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While uncommon in the United States, people in South Korea often eat a leafy green herb known as a ‘perilla leaf.’ These leaves are slightly bitter and spicy with a grassy note. In this post, we will discuss the perilla leaf. Specifically, we will learn about the leafy green, how people in Korea use it, and where to buy it.
What Is a Perilla Plant?
In scientific biological study, the term ‘Perilla’ refers to a particular genus of plant. It consists of one major type of Asiatic crop species–Perilla frutescens, as well as other wild species belonging to the mint family. Most famously, the Korean perilla plant (known as ‘deulkkae’ (들깨) in Korea) and the Japanese shiso are members of the perilla genus.
While the term ‘Perilla’ is used as a genus name in the scientific world, people also use it frequently as a colloquial term to describe and name particular varieties known within its genus. Most commonly, people use this term to describe a particular variety found, cultivated, and harvested on the Korean peninsula.
What Is a Korean Perilla Leaf?
The Korean ‘deulkkae’ (들깨) is a species of Perilla in the mint family. It is an annual plant, meaning it completes its life cycle from germination to the production of seeds before dying in one growing season.
The plant is native to Southeast Asia and parts of India. People traditionally grew and harvested these plants as a crop in the Korean peninsula, southern China, Japan, and India, though the varieties may differ.
In the Korean language, ‘kkae’ (깨) refers to both the plant and seeds of sesame and perilla. While people refer to sesame as ‘chamkkae’ (참깨) meaning ‘true kkae’, they refer to perilla as ‘deulkkae’ (들깨) meaning ‘while kkae.’
Further, in the English language, we refer to the leaves of the plant as ‘perilla leaves.’ in Korean, people call the perilla leaves ‘kkaennip’ (깻잎), which literally translates into ‘leaves of kkae.’
How Do People In Korea Use the Perilla?
In South Korea, people commonly use different parts of the perilla plant to make popular dishes. Below, we listed some of the most common and popular ways people use the plant in Korean cuisine.
Perilla Leaves (Kkaennip):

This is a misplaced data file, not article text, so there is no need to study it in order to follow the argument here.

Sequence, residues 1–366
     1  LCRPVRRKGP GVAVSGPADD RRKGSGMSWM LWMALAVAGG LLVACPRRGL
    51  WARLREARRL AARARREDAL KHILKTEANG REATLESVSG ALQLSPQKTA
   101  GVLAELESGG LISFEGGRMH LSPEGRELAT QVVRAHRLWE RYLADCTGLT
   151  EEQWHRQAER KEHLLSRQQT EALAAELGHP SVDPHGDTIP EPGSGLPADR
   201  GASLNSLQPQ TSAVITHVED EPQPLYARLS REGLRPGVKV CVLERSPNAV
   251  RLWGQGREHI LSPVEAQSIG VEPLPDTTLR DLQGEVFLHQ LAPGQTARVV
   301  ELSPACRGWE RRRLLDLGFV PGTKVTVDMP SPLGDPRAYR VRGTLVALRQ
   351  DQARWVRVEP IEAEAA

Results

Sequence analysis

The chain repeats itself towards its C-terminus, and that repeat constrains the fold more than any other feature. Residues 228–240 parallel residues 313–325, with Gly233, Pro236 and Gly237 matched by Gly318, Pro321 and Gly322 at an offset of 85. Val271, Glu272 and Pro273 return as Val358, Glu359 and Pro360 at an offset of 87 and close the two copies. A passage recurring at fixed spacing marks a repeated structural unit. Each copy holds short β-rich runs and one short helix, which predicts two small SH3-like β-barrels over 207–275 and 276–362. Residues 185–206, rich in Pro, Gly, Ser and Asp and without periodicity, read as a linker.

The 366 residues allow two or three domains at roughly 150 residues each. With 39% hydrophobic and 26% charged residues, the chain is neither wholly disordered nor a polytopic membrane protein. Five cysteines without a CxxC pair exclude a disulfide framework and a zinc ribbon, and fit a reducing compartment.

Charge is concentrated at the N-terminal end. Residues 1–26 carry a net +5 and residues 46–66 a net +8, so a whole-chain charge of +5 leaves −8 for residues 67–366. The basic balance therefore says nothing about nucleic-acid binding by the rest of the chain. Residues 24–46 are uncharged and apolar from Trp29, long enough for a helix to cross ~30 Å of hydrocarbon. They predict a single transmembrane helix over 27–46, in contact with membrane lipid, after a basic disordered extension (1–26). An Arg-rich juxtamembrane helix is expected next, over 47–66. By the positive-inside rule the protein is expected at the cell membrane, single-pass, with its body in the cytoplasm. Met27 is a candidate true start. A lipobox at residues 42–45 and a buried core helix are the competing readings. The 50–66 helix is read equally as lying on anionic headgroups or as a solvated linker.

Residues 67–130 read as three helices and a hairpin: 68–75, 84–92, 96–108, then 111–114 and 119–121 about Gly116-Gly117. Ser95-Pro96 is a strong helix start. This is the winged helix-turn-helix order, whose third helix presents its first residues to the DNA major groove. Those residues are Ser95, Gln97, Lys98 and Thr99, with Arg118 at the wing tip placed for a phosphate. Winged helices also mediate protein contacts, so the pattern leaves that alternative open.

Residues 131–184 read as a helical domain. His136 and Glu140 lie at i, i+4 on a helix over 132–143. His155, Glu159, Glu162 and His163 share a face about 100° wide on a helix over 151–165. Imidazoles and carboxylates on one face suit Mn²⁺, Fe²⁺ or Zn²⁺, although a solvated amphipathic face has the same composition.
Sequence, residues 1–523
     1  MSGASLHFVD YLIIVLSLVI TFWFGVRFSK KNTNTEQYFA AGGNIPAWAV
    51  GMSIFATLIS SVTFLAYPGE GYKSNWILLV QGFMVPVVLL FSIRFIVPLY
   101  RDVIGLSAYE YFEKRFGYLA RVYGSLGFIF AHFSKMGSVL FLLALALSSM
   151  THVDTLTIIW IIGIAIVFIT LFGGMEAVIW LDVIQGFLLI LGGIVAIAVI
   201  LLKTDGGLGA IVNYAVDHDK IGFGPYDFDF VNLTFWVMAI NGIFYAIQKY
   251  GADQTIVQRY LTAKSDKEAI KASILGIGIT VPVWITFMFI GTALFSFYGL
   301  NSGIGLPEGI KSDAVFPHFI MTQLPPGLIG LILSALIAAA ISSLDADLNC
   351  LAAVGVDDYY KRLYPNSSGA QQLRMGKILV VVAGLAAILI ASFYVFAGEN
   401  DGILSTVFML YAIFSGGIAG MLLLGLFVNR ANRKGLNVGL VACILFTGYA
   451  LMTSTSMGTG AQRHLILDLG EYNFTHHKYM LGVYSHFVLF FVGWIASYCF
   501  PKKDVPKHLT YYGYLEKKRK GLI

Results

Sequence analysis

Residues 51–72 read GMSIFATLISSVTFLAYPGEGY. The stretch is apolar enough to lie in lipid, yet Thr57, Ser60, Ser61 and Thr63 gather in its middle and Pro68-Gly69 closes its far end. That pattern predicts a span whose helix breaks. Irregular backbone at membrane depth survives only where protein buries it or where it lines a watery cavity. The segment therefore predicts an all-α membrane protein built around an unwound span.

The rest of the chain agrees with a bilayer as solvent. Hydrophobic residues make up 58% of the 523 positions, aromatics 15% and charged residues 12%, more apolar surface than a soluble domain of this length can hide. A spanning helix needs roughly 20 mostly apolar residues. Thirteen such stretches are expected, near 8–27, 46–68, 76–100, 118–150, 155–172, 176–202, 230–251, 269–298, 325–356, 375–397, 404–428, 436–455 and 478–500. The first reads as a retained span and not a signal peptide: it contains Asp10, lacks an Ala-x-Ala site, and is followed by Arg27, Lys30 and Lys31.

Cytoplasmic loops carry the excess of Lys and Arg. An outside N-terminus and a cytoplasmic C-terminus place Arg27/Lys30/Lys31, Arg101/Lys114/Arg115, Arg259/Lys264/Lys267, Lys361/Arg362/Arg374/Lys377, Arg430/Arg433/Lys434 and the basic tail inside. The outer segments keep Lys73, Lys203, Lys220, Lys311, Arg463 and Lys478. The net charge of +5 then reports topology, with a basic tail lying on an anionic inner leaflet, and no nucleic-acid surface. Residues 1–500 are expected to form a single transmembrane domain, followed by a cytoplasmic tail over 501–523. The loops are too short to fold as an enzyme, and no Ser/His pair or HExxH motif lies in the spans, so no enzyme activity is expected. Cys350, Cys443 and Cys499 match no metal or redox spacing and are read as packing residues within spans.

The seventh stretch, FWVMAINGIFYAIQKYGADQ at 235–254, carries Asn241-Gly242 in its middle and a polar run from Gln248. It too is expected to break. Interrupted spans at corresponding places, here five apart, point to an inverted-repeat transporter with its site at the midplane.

- Ssam: People often use fresh kkaennip (perilla leaves) as a ‘ssam’ vegetable when eating Korean barbecue (such as samgyeopsal). The Korean tern ‘ssam’ (쌈) means ‘wrapped’ in English. It refers to the method of wrapping barbecue meat and other side dishes in leafy greens.
- Kkaennip Kimchi: Another traditional method of using kkaennip is making it into a type of kimchi. This kimchi is known as ‘Kkaennip Kimchi’ (깻잎김치).
- Pickled Perilla Leaves: Often, people make a popular banchan (side dish) by pickling the perilla leaves in a soy-based sauce or soybean paste. This side dish is known as ‘kkaennip jangajji’ (깻잎 장아찌).
- Kimbap: Perilla leaves are often added into Korean seaweed and rice rolls known as ‘kimbap’ (김밥). If you are curious about the differences between kimbap and sushi, you can learn about the two here.
Perilla Seeds (Deulkkae):
- Perilla Oil: In Korea, people make perilla oil by toasting and pressing the seeds. This oil is known as ‘Deulgireum’ (들기름) in the Korean language. People use it for flavoring in sauces and dips.
- Perilla Powder: Often, people also toast and grind the perilla seeds into a powder known as ‘deulkkae-garu’ (들깨가루). They use this powder as a seasoning spice and condiment.
Where Can I Buy Perilla Leaves?
While difficult to find in most western grocery stores, you can often find fresh perilla leaves in your typically Asian grocery store such as H-Mart.
To store fresh perilla leaves, wrap them in damp paper towels and place them in a Ziplock bag. Then, place them in the refrigerator. You should consume them within 2-3 days. Otherwise, these leaves will go rancid.
Otherwise, you can easily find perilla leaf products such as perilla powder and oil online. I recommend looking on Amazon for packaged perilla products!
We Hope You Enjoyed Learning About Korean Perilla Leaves!
In the end, we hope you enjoyed learning about Korean perilla leaves. If so, let us know in the comment section below. Also, if you cook with Korean kkaennip, what do you typically make?
If you would like to read more about cooking, you can find further recipes on our blog. We listed some of our favorite Carving A Journey Korean recipes below! For reference, many recipes are influenced by our blended Korean and Southern heritage.
Korean Ingredient Articles:
- Dangmyeon: Sweet Potato Glass Noodles
- Gochugaru: Korean Pepper Powder
- Korean Soy Sauce: What Should I Buy?
- Gluten-Free Gochujang Brands; And
- Gluten-free Doenjang Brands
Further Carving A Journey Korean Recipes:
- Korean Sweet Potato Latte (Goguma Latte)
- Tteokkochi (Korean Rice Cake Skewers)
- Jumeokbap (Handmade Korean Rice Balls); And
- Greek Momo Recipe (Korean Breakfast Trend)
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